Pressed to explain how the Afghan military forces, nurtured for 20 years, could have dissolved in 11 days, former chair of the Joint Chief of Staff Mike Mullen admitted: “We underestimated the impact of corruption.” In the end, faced by a ruthless enemy, the Afghan military and the population decided that the government and its leaders were not worth fighting and dying for.
There is no ideal time to lose a war. Defeat inevitably involves costs and consequences. How much and for how long are not yet clear. Sadly, the main victims will be the Afghan people. But the United States will not escape with its competence and credibility unscathed. How badly is also still not clear. Much will depend on American resolve — and the degree of its success — to rescue not just the Americans remaining in Afghanistan, but also the thousands of Afghan citizens who risked their lives by serving under the US flag. They and their extended families are now in mortal danger because they collaborated with the US. They had relied on American promises of refuge in the US, should the Talibans regain power.
The failure to anticipate the speed of the Taliban take-over and the abject absence of contingency planning have made redeeming this pledge and American honor a more formidable task. From the optics, the fall of Kabul appeared worse than the fall of Saigon. The US military still controlled the airport, but Defense Secretary Lloyd Austin admitted that the military did not have the capability to maintain a safe corridor for people trying to reach it.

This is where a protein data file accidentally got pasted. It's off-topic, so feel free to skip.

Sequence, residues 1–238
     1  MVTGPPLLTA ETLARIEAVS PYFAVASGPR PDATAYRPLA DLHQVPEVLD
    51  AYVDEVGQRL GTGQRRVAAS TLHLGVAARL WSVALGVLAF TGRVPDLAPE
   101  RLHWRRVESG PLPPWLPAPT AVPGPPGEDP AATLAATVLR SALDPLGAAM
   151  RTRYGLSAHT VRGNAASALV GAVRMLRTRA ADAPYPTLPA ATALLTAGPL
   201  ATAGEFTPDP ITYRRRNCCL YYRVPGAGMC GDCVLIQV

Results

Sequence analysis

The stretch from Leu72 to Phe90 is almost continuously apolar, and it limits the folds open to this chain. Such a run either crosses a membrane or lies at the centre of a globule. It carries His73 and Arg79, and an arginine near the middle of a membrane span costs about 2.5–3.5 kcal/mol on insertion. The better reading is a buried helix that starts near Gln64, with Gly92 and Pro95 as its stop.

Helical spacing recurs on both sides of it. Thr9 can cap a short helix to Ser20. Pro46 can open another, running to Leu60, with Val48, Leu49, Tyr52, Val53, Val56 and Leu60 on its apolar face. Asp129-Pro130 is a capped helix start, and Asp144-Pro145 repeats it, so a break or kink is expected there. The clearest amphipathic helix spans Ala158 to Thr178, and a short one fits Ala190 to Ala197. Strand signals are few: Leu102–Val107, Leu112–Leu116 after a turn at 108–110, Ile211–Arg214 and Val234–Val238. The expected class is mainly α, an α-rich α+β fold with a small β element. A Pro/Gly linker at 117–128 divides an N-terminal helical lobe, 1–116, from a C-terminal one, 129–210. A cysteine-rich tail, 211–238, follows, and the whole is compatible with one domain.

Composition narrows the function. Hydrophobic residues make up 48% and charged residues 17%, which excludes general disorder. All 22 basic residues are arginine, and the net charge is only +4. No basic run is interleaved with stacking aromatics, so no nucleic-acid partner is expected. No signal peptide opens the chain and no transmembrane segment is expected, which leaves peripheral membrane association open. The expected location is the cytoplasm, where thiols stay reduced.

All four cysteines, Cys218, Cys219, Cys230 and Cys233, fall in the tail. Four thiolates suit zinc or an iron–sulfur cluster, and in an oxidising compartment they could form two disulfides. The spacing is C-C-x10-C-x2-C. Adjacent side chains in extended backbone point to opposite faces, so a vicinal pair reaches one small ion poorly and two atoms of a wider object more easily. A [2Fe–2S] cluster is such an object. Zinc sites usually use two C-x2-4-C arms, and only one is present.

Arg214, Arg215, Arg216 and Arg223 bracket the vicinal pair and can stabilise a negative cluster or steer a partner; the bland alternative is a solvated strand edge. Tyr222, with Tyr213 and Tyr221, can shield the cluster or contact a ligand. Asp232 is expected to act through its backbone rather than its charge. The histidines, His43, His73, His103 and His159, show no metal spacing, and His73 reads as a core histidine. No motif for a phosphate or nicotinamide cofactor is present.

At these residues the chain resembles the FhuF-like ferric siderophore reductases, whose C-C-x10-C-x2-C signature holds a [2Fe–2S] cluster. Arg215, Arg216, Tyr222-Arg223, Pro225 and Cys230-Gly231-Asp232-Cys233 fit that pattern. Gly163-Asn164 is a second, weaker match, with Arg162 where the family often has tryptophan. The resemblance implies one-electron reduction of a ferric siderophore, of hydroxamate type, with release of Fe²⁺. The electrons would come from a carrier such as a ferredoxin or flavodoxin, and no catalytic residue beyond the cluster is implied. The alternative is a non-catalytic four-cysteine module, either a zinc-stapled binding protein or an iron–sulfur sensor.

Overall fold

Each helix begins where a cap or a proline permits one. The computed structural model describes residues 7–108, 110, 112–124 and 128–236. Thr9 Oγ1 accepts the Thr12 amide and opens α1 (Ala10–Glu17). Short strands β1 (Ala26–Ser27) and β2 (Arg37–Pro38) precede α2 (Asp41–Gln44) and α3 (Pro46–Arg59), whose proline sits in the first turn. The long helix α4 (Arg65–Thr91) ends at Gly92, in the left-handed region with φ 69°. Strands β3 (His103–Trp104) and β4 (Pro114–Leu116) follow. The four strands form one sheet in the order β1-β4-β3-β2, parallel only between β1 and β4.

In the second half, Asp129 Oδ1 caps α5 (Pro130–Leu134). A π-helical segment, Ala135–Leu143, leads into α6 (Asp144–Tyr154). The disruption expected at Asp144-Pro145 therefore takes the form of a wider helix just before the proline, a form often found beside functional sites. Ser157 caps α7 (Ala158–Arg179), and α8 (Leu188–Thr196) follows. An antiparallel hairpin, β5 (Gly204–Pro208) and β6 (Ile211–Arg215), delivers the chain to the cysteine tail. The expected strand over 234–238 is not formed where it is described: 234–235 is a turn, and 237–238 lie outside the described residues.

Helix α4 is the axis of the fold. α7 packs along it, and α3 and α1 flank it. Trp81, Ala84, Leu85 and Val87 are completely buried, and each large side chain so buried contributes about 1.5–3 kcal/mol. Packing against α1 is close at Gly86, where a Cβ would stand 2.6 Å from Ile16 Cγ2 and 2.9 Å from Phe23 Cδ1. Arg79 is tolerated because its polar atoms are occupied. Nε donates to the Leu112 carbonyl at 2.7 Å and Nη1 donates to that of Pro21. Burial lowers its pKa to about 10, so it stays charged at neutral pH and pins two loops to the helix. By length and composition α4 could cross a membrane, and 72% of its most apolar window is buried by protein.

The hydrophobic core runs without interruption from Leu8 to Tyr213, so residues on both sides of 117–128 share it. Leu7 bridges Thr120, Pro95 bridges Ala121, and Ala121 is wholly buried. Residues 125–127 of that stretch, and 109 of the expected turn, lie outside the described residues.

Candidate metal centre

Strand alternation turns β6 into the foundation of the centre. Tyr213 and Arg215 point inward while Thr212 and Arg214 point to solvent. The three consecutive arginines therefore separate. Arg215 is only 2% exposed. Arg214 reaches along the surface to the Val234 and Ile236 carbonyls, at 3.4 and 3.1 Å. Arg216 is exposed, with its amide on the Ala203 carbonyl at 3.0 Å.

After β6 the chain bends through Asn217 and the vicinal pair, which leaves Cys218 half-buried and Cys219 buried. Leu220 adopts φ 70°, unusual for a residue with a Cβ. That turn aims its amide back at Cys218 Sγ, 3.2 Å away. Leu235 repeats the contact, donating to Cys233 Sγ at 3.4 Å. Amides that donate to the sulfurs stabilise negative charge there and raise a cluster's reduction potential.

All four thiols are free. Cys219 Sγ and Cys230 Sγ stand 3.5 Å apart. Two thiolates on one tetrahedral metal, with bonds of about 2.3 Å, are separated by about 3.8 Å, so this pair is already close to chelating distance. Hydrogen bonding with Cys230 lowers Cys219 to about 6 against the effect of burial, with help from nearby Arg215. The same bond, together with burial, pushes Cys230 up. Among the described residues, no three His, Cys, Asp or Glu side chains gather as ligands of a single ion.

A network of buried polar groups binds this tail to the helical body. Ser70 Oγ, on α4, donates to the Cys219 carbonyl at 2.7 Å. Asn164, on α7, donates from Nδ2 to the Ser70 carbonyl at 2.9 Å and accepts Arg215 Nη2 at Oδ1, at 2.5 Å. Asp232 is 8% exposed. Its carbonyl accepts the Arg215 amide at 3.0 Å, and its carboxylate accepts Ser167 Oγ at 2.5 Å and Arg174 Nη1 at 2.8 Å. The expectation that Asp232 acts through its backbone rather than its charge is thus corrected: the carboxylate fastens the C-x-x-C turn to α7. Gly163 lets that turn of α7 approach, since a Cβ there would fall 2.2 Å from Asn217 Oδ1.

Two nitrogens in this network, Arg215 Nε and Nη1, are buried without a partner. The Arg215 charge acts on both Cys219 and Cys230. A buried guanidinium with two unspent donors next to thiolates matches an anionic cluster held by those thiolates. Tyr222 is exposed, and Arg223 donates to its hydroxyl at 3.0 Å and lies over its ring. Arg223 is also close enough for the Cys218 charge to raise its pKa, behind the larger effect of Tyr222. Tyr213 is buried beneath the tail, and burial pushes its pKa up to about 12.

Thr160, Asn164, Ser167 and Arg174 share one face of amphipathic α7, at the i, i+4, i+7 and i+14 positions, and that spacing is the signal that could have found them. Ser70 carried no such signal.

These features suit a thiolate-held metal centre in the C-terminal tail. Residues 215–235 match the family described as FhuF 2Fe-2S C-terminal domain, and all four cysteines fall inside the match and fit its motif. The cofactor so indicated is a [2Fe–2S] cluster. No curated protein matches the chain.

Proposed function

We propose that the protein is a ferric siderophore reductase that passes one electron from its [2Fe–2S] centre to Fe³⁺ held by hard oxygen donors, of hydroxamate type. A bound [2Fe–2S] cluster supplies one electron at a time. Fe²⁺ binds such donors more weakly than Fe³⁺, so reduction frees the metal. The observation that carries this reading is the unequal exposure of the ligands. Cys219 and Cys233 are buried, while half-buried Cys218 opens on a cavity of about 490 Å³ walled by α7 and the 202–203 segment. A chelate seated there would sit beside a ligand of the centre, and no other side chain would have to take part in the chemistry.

It was not clear whether the Taliban checkpoints and units roaming Kabul had sufficient authority or interest to guarantee safe passage for those seeking to leave the country. The communist forces that captured Saigon constituted a more disciplined force, unburdened by tribal, ethnic enmities. Although divided by ideology, the contending soldiers of North and South Vietnam were Vietnamese. The South Vietnamese Vietcong fought with the North but still cared for their families in the South.
The US followed a different model in fighting the Afghan War than it did in Vietnam. Abandoning a mandatory draft, it limited the commitment of ground soldiers, relying instead on a volunteer army supported by technology. But its misplaced confidence in the capacity of the Afghan government suggested that it had forgotten a third lesson Vietnam had provided. In an environment even more fraught and forbidding than Vietnam, it had committed to building a more inclusive, democratic political system. Democracy was a daunting hard-sell in a society organized according to principles privileging other values, such as clan connections, ethnic identity, religious affiliation.
In the end, sustaining a democracy will always be a continuing work-in-progress that must be undertaken from the ground up. The task cannot be delegated, commissioned, sub-contracted from the top. That said, the project needs government leaders who understand the process and are committed to its success. – Rappler.com
Edilberto de Jesus is a senior research fellow at the Ateneo School of Government.